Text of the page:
Developmental and Behavioral Questionnaire for Autism Spectrum Disorders

Susan McGrew, Beth A. Malow, Lynnette Henderson, Lily Wang, Yanna Song, Wendy L. Stone

Research output: Contribution to journalArticlepeer-review

22 Scopus citations


The validity of the Parental Concerns Questionnaire, a brief screening checklist assessing the presence and severity of 13 developmental and behavioral concerns expressed by parents of children with autism spectrum disorders, was determined in 53 children ages 4 to 10 years with a clinical diagnosis of autism spectrum disorder and 48 age-matched typically developing controls. Parents completed the Parental Concerns Questionnaire, the Child Behavior Checklist, the Child Sleep Habits Questionnaire, and either the Repetitive Behavior Scale or the Compulsive Behavior Checklist. A clinical examiner administered the Peabody Picture Vocabulary Test and the Autism Diagnostic Observation Scale. The Parental Concerns Questionnaire demonstrated high internal consistency in the autism spectrum disorder subgroup. Reliability and stability over time were demonstrated. Analyses showed variability in item responses for each child indicating that parents were not globally answering all items as concerns. Comparison of Parental Concerns Questionnaire item scores to scores for similar multiquestion domains on standardized parent-rated and clinician-administered assessment tools demonstrated external validity with other parent-rated and clinician-rated instruments. The Parental Concerns Questionnaire is a reliable screening instrument to assess parentally reported developmental and behavioral symptoms in children with autism spectrum disorders.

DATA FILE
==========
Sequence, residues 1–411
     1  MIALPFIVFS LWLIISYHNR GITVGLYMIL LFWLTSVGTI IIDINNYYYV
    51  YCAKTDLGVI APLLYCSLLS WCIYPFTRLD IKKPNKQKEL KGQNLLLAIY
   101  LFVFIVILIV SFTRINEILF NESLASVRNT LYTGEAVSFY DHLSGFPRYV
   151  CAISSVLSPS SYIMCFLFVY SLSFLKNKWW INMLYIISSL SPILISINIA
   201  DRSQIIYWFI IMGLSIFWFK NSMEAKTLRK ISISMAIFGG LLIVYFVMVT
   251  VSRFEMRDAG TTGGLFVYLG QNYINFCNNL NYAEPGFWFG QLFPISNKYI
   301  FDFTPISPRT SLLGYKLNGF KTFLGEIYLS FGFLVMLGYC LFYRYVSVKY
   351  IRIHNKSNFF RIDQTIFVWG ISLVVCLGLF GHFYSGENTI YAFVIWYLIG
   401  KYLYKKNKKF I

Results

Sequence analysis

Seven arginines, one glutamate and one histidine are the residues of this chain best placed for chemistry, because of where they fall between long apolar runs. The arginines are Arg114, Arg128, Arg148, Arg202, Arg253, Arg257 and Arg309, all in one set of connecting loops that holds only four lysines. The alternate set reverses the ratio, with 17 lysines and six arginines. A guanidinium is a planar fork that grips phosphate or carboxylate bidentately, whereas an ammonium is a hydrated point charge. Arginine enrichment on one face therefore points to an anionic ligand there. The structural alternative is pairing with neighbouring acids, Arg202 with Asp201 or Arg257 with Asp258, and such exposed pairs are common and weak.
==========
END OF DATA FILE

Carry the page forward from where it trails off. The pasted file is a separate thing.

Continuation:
Original languageEnglish (US)
Pages (from-to)108-116
Number of pages9
JournalPediatric Neurology
Issue number2
StatePublished - Aug 2007
Externally publishedYes

ASJC Scopus subject areas

  • Pediatrics, Perinatology, and Child Health
  • Neurology
  • Developmental Neuroscience
  • Clinical Neurology


Dive into the research topics of 'Developmental and Behavioral Questionnaire for Autism Spectrum Disorders'. Together they form a unique fingerprint.

Cite this